Tag Info

New answers tagged

3

Your matrix is wrong. It should be det {$\begin{pmatrix} -\lambda & \hbar/2 (1-i) \\ \hbar/2 (1+i) & -\lambda \end{pmatrix}$} = 0 Now when you compute the determinant, it should be okay.


0

Indeed as was commented before usually in physics these derivatives are 'derived' by postulating how the object transforms. Obviously there are more rigorous definitions, as is usually the case. In this particular case you could try to find the structure which gives you these 'covariant derivatives' in the first place. In books they are often referred to ...


0

The eigenvalues (or measurable values) of each spin operator are ±1, corresponding to the only two mutually exclusive outcomes that could occur after a measurement of an electron's spin has been made. The mutual exclusivity is an experimental fact, but follows from the definition of the eigenstates above.In classical mechanics an electron has a magnetic ...


1

The principle behind STT is conservation of total angular momentum of the system. The equation that describes spin dynamics is called the LLG equation, named after Landau, Lifshitz and Gilbert. I will try to illustrate its physical meaning by using a general example. Consider an s-d model, where the sp-band electrons are itinerant and thus contribute to ...


1

I think you could work it like this: $X_+ ={1 \over \sqrt{2}} (\begin{matrix} 1 \\ 1 \end{matrix}) =a (\begin{matrix} 1 \\ 0 \end{matrix} ) +b(\begin{matrix} 0 \\ 1 \end{matrix} ) $.where $X_+$ is the eigenvector on the positive axon of $S_x$ Solve and find a,b and there you are. Note also that you can write a general spinor as $(\begin{matrix} cos\theta ...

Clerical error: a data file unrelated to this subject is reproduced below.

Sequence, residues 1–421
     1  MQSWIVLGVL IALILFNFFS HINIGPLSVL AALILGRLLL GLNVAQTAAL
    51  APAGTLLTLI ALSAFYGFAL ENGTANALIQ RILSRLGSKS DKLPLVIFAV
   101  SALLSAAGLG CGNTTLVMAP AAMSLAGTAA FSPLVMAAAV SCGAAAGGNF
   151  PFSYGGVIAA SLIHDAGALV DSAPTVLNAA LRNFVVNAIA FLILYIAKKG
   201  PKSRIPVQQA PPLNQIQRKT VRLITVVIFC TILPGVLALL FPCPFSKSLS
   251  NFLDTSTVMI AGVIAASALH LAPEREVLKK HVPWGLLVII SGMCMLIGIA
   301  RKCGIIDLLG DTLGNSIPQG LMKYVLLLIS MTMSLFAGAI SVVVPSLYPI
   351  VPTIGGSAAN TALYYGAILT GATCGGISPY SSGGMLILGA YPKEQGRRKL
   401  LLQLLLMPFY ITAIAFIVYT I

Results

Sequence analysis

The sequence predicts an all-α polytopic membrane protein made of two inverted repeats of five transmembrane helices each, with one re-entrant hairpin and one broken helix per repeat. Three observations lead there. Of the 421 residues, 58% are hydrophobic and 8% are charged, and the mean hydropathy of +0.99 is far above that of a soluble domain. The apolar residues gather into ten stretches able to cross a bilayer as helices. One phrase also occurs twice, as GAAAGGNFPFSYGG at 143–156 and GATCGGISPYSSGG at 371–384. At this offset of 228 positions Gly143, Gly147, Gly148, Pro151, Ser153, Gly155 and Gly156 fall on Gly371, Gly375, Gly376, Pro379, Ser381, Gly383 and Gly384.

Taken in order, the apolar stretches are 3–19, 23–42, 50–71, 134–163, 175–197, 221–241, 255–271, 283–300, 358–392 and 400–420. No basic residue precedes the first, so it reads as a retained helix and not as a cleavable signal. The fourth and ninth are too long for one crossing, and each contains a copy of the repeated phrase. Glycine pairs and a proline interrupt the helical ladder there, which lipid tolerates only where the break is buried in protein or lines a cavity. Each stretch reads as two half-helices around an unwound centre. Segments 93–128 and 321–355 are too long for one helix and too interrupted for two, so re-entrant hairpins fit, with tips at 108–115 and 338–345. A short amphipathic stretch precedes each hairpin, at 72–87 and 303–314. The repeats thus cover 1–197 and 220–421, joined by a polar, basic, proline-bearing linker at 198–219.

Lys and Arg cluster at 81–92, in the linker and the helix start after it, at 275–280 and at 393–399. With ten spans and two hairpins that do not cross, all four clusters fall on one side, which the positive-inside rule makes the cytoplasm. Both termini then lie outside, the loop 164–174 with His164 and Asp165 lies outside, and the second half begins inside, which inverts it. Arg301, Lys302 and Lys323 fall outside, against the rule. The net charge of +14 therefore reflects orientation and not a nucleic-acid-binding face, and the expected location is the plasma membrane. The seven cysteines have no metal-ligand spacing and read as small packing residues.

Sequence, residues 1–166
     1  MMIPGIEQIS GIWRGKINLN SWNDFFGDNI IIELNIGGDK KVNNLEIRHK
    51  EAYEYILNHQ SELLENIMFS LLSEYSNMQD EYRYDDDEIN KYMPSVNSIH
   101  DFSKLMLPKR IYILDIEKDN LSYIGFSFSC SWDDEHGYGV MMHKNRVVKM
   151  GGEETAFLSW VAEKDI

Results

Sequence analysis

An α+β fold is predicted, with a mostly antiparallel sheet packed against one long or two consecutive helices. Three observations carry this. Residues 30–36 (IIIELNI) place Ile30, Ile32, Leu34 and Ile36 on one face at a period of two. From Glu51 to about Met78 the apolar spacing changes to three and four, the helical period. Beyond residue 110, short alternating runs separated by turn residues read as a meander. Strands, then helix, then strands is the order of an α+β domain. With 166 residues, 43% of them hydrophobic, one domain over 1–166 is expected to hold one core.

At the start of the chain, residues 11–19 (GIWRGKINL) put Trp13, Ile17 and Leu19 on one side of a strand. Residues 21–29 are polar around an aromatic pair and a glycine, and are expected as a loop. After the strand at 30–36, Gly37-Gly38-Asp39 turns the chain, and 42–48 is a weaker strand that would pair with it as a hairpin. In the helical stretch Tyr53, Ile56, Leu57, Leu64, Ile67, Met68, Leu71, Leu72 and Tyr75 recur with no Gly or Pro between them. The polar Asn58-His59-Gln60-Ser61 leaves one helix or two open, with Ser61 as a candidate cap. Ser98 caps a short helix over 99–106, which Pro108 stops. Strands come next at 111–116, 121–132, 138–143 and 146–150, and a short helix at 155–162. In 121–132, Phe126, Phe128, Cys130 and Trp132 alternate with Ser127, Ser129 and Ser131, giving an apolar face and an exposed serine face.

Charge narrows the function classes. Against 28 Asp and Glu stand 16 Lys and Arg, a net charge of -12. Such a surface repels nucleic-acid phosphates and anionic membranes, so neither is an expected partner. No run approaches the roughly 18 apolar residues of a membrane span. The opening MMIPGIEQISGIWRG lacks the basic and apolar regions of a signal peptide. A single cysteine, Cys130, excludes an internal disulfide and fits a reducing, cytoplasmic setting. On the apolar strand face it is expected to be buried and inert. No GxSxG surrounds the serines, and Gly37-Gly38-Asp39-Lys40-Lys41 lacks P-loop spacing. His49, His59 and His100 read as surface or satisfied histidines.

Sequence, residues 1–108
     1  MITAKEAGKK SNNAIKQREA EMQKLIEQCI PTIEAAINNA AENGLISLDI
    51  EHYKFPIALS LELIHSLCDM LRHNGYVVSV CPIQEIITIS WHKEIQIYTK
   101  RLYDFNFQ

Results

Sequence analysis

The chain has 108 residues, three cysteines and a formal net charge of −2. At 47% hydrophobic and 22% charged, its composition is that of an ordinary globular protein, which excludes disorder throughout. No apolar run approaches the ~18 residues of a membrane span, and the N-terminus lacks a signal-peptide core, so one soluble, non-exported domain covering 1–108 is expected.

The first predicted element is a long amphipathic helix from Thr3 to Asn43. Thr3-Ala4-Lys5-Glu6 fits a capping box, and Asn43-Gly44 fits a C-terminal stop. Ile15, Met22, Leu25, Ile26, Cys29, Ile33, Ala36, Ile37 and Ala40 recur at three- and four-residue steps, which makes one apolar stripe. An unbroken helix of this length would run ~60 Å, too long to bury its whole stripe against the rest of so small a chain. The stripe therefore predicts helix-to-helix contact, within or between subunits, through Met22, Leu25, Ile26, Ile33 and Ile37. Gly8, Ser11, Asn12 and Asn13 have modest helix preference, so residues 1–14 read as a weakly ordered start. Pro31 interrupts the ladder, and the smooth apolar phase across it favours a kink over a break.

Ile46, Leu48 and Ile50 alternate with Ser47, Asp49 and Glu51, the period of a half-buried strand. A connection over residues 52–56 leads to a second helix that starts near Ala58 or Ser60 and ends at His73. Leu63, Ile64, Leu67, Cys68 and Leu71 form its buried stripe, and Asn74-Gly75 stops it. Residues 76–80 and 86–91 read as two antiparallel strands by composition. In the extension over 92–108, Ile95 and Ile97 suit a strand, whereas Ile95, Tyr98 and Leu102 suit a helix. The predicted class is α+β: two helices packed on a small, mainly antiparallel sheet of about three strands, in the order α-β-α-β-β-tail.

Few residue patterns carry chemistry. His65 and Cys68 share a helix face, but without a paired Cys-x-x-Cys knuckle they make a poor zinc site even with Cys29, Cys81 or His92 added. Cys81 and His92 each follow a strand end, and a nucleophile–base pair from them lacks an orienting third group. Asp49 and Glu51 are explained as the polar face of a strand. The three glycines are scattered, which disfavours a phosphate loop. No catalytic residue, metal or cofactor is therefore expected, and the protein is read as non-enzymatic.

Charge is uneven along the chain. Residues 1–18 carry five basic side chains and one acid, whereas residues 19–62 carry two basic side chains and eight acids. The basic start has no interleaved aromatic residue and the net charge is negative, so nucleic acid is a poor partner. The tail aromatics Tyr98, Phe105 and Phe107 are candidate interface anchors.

1

Are you sure that's what the book is asking you to find? $\hbar/2$ is the eigenvalue of the $S_{x}$ operator corresponding to spin up, but it is not part of the state vector. If the question is really asking you to express the $\mid S_{x};+\rangle$ ket in the $S_{z}$ basis, then you're nearly correct, just a minor sign error: $$\mid S_{x};+\rangle = ...


3

Does the invariant helicity property contribute to the the concept of a photon and an "anti-photon" being the same entity? Not really, and I think you're getting mixed up between helicity and chirality here. Take a look at this deep-water wave image by Kraaieniest. See how the red-dot test particles move in a helical-like fashion? They can't move "the other ...


0

A photon should be discussed as a wave, instead of a particle (as it ceases to exist in rest state). As such two waves of the same wavelength and frequency may or may not be "negative" to each other, depending on their phase difference. When their phase difference is an odd multiple of pi, they will invariably cancel out each other upon interference.


0

Perhaps this isn't quite the answer you're seeking, but you may be interested in the phenomena of thermoremanent and isothermal remanent magnetization. Basically, if you perform a deep quench on a spin glass (i.e., freeze the spins) in a uniform external magnetic field and then, after some time, switch off the magnetic field, (or alternatively, quench ...


0